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Turn Up the Heat

October 17, 2019 / Labor Notes<?
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?>Starting with milder actions and building up to more fiery ones will maximize involvement in your contract campaign.

How to Strike and Win
A Labor Notes Guidelabornotes.org/strikes

Organize the Organized

October 17, 2019 / Labor Notes<?
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?>You'll need an action team, and a communications network so information zips around fast.

How to Strike and Win
A Labor Notes Guidelabornotes.org/strikes

Democracy: Who Owns the Strike?

October 17, 2019 / Labor Notes<?
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?>A powerful strike must belong to its members, from the beginning of the contract campaign to the day you declare victory.

How to Strike and Win
A Labor Notes Guidelabornotes.org/strikes

They thought they were oh so clever. Back in 2011, destroyers of public education bragged that “the unions cannot strike in Chicago.” And yet they did, in 2012 and again starting today, with 32,000 school employees now on the picket lines.

Chicago Teachers Go Out On Strike Again

October 17, 2019 / Barbara Madeloni<?
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?>In 2012 the Chicago Teachers Union woke up union members and educators across the country with a winning strike. Seven years later, after a wave of teacher strikes in the last two years, CTU is at it again.
As educators walk out today, a lot feels like 2012. The strike authorization vote was high (94 percent) and the mayor is disparaging their demands and branding the strike as hurtful to children.
THIS TIME IS DIFFERENT
But there are noteworthy differences.

UAW & GM Have an Agreement. Will Strikers Vote Yes?

October 16, 2019 / Chris Brooks<?
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?>On the 31st day of the longest auto strike in 50 years, General Motors and the United Auto Workers announced a tentative agreement.
The UAW's GM Council, made up of representatives from each GM local, will meet tomorrow. If they approve the pact, as expected, it will be submitted to strikers for a ratification vote.
The Council will also decide whether workers will stay out on strike during the vote or return to work immediately, as has been the union's practice in past strikes.

The GM strike jumped off suddenly September 16. At the start, it wasn't clear what the bargainers were going for—including to members themselves. Since then, judging by dozens of interviews on the picket lines, a remarkable consensus has developed among the Auto Workers rank and file: their top priority is wage equality, for second-tier workers and especially for the misnamed “temps.” Temps may work for years doing the same work as Tier 1 and Tier 2 workers, but with low pay and almost no rights.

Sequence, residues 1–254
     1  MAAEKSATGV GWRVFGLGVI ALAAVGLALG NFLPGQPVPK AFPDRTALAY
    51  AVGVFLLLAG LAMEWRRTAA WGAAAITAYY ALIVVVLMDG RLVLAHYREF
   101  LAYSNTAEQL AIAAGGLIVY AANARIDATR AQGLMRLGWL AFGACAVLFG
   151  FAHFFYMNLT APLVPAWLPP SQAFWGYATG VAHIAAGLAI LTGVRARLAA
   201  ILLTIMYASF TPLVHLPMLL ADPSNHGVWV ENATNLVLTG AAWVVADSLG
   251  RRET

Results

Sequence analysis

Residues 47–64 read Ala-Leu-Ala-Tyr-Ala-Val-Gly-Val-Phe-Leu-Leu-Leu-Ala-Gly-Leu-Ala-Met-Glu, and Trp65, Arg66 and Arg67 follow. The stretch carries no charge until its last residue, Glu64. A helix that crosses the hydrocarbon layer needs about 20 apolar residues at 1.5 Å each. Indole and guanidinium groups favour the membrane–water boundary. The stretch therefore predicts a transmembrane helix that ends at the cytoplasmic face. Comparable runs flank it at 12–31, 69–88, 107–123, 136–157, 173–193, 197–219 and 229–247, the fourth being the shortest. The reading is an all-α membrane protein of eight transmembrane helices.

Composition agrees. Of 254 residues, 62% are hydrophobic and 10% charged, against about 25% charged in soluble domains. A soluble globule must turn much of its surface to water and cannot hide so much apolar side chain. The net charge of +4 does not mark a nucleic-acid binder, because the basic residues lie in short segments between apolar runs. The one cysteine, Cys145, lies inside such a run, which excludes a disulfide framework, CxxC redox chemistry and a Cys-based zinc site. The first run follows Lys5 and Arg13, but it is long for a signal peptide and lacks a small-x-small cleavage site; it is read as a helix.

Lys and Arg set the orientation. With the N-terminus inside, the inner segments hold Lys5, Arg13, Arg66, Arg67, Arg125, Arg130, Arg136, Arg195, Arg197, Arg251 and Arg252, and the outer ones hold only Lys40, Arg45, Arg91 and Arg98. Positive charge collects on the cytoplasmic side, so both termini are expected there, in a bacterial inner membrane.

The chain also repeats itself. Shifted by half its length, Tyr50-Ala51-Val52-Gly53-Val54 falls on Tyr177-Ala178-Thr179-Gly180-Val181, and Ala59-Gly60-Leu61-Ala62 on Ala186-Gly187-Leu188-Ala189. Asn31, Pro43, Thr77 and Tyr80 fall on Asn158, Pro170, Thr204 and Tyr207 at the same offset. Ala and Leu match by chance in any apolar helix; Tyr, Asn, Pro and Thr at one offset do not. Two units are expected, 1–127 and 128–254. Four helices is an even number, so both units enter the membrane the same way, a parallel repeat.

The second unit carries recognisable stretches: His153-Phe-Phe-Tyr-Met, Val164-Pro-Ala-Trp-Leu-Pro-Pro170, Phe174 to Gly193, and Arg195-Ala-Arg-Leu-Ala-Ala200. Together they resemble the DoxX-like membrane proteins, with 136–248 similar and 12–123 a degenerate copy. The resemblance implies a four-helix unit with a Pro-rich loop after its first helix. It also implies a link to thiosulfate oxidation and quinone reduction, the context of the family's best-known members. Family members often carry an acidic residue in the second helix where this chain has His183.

Let's be honest: Picket lines can be tedious, especially if strikers simply repeat the same hackneyed chants over and over again.
But not always. To break up the monotony, workers often make up their own chants, dances and songs.
In the case of the Auto Workers members below, they went so far as to record their own rap tracks and music videos, which are provided here with our immense admiration.

How To Pull Off a Quickie Strike

October 11, 2019 / Russell Weiss-Irwin<?
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?>A few years ago I was working for Princeton University Campus Dining as a member of Service Employees (SEIU) Local 175, a small, tough local that represents most of the blue-collar staff at Princeton and no one else.
I had worked lots of food service jobs, ever since I was a teenager, from fancy restaurants to fast food. But at Princeton, because we had a strong contract and good stewards, the pace was more humane; we worked with better protections and more dignity. And we got paid a lot better!

The Bonneville-Hood Transmission Line was the pinnacle of electrifying America. It was originally built from 1939-1941, at the tail end of the Great Depression. During this time Franklin D. Roosevelt was creating a multitude of projects across the United States and this transmission line was one of them. The work of the forefathers in the IBEW demonstrated how successful IBEW labor in this country could be. Bonneville Power showed transmissions lines could be built anywhere they needed to be. There were no barriers to service towns and communities across America. Today, that standard lives on through the IBEW.
The current rebuild on the Bonneville-Hood Transmission Line is a 22.5 section of line. It starts from the Bonneville Dam Powerhouse, and runs all the way to Hood River. The line runs along the Pacific Crest Trail, which is both beautiful, yet rugged terrain.
Working on this line rebuild is a challenge that attracts a certain kind of lineman. There’s a lot of history behind this job, but there are also facets that make it interesting. The only way to get to the structure is by helicopter or an hour-long hike. Even to get equipment like excavators, they must be...